Tragedy Is Unfolding

I know nobody is reading these post but I am writing, I guess, for me. In this article
‘A Tragedy Is Unfolding’: Inside New York’s Virus Epicenter
“In a city ravaged by an epidemic, few places have been as hard hit as central Queens.”
 By Annie Correal and Andrew Jacobs.
 Published April 9, 2020 Updated April 10, 2020

In a city ravaged by the coronavirus, few places have suffered as much as central Queens, where a seven-square-mile patch of densely packed immigrant enclaves recorded more than 7,000 cases in the first weeks of the outbreak.

Anil Subba, a Nepali Uber driver from Jackson Heights, Queens, died just hours after doctors at Elmhurst Hospital thought he might be strong enough to be removed from a ventilator.

In the nearby Corona neighborhood, Edison Forero, 44, a restaurant worker from Colombia, was still burning with fever when his housemate demanded he leave his rented room, he said.

Not far away in Jackson Heights, Raziah Begum, a widow and nanny from Bangladesh, worries she will be ill soon.
“We are so hungry, but I am more terrified that I will get sick,” said Ms. Begum, 53, who has diabetes and high blood pressure.

Across the Ocean in Italy:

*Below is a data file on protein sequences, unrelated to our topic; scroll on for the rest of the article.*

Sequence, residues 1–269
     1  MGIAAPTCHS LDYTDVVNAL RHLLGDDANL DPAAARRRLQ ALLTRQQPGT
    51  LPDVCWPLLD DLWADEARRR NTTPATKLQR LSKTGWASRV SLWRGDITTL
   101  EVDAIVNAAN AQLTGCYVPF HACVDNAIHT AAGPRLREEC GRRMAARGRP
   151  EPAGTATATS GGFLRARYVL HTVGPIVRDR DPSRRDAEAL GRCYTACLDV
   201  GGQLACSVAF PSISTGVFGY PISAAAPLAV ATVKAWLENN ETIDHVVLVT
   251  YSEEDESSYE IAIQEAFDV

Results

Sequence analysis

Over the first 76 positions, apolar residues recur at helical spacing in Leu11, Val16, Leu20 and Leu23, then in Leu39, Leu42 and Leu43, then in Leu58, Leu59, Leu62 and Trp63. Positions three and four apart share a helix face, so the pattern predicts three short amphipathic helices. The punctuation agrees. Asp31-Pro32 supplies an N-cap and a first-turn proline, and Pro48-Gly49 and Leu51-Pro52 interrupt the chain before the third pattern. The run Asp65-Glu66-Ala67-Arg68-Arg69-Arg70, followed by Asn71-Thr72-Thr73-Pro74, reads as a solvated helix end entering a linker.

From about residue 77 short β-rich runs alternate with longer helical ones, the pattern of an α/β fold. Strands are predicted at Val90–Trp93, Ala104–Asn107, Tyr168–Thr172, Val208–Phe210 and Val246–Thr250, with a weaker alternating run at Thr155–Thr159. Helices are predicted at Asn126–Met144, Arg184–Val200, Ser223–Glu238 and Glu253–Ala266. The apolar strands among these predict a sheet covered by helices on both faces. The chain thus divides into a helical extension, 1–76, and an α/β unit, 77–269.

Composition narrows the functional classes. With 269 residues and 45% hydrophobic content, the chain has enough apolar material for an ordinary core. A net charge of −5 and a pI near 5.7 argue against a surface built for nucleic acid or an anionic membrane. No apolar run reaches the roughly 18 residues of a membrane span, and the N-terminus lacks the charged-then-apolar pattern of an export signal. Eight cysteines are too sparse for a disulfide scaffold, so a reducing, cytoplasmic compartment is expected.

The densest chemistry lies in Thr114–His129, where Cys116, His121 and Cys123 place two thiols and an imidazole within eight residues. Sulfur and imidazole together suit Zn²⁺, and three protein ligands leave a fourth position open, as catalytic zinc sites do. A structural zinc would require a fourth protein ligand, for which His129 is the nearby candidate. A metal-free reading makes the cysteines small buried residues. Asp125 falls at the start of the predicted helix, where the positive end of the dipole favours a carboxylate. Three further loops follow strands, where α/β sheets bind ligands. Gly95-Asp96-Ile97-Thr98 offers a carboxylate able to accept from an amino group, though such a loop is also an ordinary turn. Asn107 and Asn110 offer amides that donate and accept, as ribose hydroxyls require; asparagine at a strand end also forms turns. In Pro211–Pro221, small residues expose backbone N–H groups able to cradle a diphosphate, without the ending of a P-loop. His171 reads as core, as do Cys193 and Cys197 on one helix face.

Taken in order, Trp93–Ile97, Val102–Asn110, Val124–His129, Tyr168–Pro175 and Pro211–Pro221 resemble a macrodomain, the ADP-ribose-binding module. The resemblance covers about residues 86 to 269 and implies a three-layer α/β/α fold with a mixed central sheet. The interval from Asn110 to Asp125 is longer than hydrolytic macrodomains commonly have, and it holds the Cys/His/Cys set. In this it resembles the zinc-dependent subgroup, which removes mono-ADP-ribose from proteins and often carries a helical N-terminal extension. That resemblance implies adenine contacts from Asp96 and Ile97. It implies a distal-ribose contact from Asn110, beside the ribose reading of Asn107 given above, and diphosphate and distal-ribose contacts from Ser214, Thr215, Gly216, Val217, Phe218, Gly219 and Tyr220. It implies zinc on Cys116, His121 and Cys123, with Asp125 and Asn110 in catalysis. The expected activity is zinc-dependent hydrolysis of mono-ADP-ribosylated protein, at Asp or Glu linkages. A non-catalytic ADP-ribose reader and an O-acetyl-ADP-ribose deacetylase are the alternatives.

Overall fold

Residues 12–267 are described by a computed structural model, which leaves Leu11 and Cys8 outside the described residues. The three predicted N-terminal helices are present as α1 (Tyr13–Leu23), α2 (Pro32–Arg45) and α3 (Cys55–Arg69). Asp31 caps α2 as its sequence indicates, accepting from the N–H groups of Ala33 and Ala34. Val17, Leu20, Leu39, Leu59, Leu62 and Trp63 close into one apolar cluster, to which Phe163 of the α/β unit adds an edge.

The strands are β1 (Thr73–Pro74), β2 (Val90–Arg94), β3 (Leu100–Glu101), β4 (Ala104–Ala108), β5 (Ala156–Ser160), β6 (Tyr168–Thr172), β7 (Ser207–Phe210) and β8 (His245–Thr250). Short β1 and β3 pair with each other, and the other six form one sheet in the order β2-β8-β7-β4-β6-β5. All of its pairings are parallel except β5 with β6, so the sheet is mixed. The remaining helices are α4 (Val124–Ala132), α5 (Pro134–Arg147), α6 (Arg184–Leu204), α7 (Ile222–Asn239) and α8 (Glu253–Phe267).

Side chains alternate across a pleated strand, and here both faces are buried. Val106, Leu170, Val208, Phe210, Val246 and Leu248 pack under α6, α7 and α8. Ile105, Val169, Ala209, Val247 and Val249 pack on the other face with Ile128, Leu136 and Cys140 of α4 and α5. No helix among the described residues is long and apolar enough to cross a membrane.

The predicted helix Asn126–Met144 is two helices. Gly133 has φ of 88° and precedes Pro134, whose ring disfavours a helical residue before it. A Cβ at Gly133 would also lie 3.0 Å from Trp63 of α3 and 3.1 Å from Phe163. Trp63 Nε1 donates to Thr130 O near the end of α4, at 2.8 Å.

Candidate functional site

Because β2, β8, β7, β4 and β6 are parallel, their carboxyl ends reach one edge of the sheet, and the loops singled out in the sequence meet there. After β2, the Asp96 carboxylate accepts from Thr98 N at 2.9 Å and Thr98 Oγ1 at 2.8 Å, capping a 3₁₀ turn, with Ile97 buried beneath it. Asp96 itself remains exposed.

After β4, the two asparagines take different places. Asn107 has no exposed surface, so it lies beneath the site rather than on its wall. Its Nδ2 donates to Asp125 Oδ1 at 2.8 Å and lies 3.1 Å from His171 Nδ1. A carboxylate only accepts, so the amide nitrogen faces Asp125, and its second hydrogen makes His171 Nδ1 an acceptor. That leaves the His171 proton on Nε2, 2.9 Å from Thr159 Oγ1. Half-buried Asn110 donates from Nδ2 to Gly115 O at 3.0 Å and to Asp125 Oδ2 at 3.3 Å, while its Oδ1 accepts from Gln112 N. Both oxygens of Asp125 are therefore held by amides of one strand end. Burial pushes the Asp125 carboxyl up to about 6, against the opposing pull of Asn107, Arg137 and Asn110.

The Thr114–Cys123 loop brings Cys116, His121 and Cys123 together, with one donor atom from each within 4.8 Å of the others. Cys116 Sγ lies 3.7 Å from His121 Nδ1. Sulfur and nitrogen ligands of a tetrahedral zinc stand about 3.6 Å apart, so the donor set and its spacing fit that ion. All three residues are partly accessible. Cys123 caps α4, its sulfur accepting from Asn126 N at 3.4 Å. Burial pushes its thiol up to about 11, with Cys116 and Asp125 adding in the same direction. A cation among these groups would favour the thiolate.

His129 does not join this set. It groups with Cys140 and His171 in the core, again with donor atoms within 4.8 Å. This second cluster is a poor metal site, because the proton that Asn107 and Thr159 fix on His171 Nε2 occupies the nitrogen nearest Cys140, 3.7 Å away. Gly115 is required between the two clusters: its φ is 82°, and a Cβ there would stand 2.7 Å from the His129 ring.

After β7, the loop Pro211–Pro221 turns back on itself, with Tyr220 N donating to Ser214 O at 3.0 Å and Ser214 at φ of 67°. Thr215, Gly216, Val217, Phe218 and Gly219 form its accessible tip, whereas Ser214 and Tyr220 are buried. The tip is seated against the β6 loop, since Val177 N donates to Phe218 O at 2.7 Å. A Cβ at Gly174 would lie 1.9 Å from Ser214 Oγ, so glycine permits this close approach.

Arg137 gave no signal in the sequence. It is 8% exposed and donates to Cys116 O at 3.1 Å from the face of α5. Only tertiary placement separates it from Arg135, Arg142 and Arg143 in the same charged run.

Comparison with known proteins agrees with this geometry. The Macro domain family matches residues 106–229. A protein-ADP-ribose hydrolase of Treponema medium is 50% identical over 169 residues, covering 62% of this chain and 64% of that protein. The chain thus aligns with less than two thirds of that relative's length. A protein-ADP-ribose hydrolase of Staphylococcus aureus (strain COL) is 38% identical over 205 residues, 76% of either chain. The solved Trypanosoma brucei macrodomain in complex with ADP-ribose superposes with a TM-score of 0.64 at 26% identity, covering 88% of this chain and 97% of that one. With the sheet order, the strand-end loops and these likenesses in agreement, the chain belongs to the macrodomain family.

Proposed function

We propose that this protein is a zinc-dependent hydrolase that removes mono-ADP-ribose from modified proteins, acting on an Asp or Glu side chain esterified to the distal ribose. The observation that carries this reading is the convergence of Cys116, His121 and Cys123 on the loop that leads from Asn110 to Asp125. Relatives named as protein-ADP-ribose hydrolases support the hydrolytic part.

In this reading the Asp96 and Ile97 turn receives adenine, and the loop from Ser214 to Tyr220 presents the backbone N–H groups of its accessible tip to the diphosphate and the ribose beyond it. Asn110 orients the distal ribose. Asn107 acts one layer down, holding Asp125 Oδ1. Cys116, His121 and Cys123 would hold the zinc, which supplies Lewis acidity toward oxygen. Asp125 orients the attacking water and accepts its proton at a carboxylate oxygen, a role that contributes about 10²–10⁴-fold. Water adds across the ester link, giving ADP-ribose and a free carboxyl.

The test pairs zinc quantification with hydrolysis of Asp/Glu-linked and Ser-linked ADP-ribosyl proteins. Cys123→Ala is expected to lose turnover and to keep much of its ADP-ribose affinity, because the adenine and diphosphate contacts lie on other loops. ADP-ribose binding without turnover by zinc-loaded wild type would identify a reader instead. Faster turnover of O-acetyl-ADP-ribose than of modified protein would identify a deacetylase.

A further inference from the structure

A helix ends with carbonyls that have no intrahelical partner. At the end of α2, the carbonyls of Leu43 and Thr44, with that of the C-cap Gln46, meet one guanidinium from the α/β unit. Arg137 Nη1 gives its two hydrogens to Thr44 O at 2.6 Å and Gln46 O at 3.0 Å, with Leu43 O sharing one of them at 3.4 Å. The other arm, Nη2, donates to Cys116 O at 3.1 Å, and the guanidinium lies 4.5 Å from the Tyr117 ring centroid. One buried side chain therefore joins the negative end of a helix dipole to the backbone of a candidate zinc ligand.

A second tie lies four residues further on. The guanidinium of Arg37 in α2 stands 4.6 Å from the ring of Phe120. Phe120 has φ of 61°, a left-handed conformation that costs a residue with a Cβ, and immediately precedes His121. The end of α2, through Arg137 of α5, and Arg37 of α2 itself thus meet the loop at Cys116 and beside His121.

Isolating the Sick at Home, Italy Stores Up Family Tragedies

“Stay home” measures have helped Italy control the coronavirus, but home is also a dangerous place that may be propping up the infection curve the lockdown was meant to suppress.

ROME — When her middle-aged son got sick, Ruffina Pompei did what she had done for decades, bringing vegetable soup and freshly squeezed orange juice to his room. She slept in an armchair outside his room and changed his clothes. She told her husband, 89, to steer clear.

Her son died in a hospital in the region of Abruzzo on March 29. Her husband died the next day in the same hospital. Ms. Pompei, 82, was also diagnosed with the virus.

Italian households represent “the biggest reservoir of infections,” said Massimo Galli, the director of the infectious diseases department at Luigi Sacco University Hospital in Milan. He called the cases “the possible restarting point of the epidemic in case of a reopening.”

The family acts as a multiplier, said Andrea Crisanti, the top scientific consultant on the virus in the Veneto region. “This is a ticking time bomb,” he said.

The predicament of home infections is emerging not just in Italy but in hot spots across the globe, in Queens and the Paris suburbs, as well as the working-class neighborhoods of Rome and Milan. It is also a problem that local officials and epidemiologists say is getting too little attention, particularly as the government has announced tentative steps toward reopening in early May.

The problem is one the Chinese government bludgeoned quickly. It ordered the roundup of all residents in Wuhan infected with the coronavirus, warehousing them in quarantine camps, sometimes with little care. While that approach may have helped contain the virus, ripping people apart from their homes is anathema to Western democracies, especially Italy, where tight-knit families are the rule.

And don’t ask about Paris just read.  Some is data is old but was new once.  I just did not see it.